blog 26.02.2024


Environmental corruption at CoSP10: growing awareness helps to build bridges between institutions

By Isabella Romero

The 10th Conference of the States Parties to the UN Convention Against Corruption (CoSP10) in December 2023 provided a platform dedicated to addressing environmental corruption. This crucial gathering shed light on the global role and impacts of corruption that facilitates environmental crimes or otherwise leads to environmental harm.

It also put forward practical strategies to harness the provisions of the UN Convention Against Corruption (UNCAC) for more effective action on environmental corruption. While formal recognition of environmental corruption by states parties to the UNCAC is still lacking, the focus on the environment at CoSP10 was a step in the right direction.

Over the past five years there has been a surge in collaboration among non-governmental organisations, civil society entities and states parties. This united front points to a growing recognition of the urgency of addressing environmental crimes and corruption. The CoSP acted as a catalyst for this momentum, serving as a vibrant space for debate and reflection, where diverse expertise and valuable knowledge were shared to explore optimal solutions.

A series of special events on environmental corruption at the CoSP included a high-level event on Monday 11 December and four topic-specific events on Wednesday 13 December. The recordings from these sessions are available on YouTube.

The multi-faceted reality of environmental corruption

Elizabeth Hart, Chief of Party of the Targeting Natural Resource Corruption project and representing the Countering Environmental Corruption Practitioners Forum, emphasised how corruption facilitates environmental crime and identified critical gaps in existing anti-corruption initiatives. Hart stressed the need to move beyond merely understanding the impact of these crimes to looking at the systemic environmental challenges they create.

She discussed the consequences of land corruption and land grabbing in vulnerable contexts, and the impact this has on the climate crisis.

Concerns were also raised about climate adaptation funds, where corruption undermines environmental conservation efforts. There was an urgent call to bolster support for civil society in the fight against corruption. Transparency International's findings revealed a startling 35 percent embezzlement rate of climate adaptation funds in Bangladesh, leading to an 80 percent inefficiency rate in related projects.

Roadblocks in investigation and enforcement

In the panel “Good practices and opportunities in preventing and combating corruption to protect the environment”, Juhani Grossmann, Head of the Green Corruption programme at the Basel Institute on Governance, provided an overview of enforcement experiences worldwide and the Basel Institute’s efforts to support these.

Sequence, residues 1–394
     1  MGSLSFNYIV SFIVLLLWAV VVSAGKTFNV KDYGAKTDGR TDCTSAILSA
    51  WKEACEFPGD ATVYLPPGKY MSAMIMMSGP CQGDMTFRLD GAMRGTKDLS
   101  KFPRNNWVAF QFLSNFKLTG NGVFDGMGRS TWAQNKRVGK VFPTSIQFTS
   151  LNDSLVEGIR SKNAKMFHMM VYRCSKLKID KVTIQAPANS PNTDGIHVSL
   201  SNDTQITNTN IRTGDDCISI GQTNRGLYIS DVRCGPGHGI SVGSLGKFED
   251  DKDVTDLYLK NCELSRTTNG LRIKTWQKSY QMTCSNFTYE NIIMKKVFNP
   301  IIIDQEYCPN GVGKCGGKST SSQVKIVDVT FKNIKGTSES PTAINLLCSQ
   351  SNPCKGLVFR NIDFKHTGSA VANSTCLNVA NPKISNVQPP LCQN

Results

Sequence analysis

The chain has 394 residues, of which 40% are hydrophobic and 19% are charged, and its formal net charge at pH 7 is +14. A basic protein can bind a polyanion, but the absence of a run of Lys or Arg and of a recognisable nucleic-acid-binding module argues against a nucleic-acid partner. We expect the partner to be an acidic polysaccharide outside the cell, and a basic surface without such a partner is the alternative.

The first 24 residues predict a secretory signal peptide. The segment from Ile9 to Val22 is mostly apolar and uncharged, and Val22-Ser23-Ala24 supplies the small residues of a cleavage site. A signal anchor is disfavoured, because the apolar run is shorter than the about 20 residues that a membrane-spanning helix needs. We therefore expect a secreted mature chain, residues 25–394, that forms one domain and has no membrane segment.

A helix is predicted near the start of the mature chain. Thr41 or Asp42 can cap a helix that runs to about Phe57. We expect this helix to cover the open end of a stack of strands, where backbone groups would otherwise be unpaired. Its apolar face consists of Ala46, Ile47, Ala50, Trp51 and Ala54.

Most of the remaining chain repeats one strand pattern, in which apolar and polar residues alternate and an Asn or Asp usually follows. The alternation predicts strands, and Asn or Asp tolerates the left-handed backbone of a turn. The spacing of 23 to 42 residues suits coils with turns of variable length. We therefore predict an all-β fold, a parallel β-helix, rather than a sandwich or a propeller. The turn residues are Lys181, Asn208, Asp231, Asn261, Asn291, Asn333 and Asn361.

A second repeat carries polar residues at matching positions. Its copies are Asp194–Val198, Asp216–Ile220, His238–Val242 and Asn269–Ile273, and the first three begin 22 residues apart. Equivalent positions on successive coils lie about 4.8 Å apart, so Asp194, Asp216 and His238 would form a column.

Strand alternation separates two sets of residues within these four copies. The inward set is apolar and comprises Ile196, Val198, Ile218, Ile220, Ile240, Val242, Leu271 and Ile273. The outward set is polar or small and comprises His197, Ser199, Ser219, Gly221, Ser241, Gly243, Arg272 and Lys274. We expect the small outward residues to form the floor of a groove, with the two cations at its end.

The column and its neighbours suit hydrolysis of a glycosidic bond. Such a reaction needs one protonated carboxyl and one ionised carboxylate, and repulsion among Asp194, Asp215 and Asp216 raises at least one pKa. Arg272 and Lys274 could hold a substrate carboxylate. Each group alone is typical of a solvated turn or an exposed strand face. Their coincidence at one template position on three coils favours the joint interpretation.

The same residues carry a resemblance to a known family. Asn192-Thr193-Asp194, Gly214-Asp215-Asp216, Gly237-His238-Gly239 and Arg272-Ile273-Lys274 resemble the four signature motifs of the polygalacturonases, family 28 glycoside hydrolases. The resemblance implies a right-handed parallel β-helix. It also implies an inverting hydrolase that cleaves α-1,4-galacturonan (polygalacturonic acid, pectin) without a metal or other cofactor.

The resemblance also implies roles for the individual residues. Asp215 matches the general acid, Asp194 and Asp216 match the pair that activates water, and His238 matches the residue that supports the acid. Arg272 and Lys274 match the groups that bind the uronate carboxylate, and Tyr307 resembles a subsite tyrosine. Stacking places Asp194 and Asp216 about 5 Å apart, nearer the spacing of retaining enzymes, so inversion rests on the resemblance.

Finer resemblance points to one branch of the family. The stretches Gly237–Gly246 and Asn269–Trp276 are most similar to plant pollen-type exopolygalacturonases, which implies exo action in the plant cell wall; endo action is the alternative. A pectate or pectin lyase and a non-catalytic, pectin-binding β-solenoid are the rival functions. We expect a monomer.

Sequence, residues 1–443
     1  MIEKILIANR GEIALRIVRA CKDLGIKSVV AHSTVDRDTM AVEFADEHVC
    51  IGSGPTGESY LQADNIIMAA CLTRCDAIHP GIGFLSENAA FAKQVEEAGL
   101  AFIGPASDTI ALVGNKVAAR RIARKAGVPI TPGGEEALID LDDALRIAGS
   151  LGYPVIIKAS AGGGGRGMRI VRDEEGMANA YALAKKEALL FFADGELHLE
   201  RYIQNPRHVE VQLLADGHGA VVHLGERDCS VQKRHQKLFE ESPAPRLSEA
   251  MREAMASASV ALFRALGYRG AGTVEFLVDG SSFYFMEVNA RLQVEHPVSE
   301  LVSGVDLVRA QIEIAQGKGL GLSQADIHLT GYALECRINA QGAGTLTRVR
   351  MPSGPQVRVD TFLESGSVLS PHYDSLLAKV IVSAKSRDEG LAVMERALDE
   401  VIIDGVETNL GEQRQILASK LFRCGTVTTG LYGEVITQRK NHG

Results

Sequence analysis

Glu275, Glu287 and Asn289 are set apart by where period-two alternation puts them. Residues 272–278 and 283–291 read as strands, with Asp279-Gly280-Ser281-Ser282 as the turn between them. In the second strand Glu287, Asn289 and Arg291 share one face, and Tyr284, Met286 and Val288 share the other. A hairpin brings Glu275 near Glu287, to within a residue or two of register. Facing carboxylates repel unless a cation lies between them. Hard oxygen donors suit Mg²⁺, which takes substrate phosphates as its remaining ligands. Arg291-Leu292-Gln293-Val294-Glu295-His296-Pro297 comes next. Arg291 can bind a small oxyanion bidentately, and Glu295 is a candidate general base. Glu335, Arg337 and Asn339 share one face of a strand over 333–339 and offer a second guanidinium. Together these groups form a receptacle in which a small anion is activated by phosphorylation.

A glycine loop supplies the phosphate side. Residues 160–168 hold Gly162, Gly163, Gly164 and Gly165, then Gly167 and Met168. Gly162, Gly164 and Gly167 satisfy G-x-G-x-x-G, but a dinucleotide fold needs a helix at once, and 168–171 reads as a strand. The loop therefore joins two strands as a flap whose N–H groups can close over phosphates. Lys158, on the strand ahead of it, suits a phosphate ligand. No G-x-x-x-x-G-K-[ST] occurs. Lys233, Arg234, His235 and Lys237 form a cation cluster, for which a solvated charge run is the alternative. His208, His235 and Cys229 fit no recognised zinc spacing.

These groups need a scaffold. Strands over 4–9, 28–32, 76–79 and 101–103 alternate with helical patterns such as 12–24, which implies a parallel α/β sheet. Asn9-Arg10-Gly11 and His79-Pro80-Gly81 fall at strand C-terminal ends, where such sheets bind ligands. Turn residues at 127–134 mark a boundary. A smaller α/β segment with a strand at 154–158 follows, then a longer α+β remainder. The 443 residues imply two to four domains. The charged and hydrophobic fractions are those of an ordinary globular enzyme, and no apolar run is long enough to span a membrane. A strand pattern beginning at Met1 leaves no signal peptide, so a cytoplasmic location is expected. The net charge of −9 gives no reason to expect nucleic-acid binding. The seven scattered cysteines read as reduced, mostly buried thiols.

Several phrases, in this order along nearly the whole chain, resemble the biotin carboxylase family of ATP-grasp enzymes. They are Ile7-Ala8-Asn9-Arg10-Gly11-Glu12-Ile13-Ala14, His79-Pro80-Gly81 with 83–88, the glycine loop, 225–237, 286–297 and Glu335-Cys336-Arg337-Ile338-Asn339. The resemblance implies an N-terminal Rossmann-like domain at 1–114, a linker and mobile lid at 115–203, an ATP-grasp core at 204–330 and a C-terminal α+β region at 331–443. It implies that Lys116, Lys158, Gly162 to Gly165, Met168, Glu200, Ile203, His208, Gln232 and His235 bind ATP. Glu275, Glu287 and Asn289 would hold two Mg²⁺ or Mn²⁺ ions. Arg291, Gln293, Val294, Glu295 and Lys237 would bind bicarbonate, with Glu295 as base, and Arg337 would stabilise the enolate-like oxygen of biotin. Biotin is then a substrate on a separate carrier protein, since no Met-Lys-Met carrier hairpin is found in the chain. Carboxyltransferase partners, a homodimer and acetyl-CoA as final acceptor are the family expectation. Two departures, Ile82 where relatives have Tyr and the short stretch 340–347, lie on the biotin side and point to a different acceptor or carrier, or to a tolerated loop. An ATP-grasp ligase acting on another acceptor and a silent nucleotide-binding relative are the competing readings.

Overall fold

Some of these experiences are showcased in a dedicated working paper that analyses the implementation of the 2019 CoSP Resolution 8/12 on “preventing and combatting corruption related to crimes that impact the environment”.

Presenting three different realities in the world of enforcement measures, Grossman showed the need to diversify the support and assistance provided. On the one hand, he said, some countries are successfully applying traditional anti-corruption tools such as money laundering investigations, bribery and fraud detection, and tax evasion prevention measures to the environmental sector.

However, challenges arise when natural resource and environmental agencies shift towards enforcement functions as they lack the expertise and tools necessary for robust financial investigations and to prepare criminal cases. And while some jurisdictions allow private prosecutions – giving civil society organisations an active role in enforcement efforts – others do not.

The specific cases that show how complications in enforcement can be managed have been discussed in detail over the past year in the Follow-the-Money working group, part of the Countering Environmental Corruption Practitioners Forum.

Creating spaces for collaboration

CoSP10 highlighted the importance of collaboration, innovation and multifaceted approaches to combat environmental corruption. As dialogue continues and collective efforts amplify, these discussions pave the way for a more robust, unified front against environmental corruption.

The Practitioners Forum offers an open space for practitioners and policy makers from all sectors to share experiences and the challenges they face. Four thematic working groups discuss topics related to following the money, land corruption, climate finance and open data.

Just a year old, the Forum is already proving that it is possible to reach across silos between the environmental and anti-corruption fields to find solutions to environmental corruption that work in practice.

Interested in joining? Learn more and sign up here!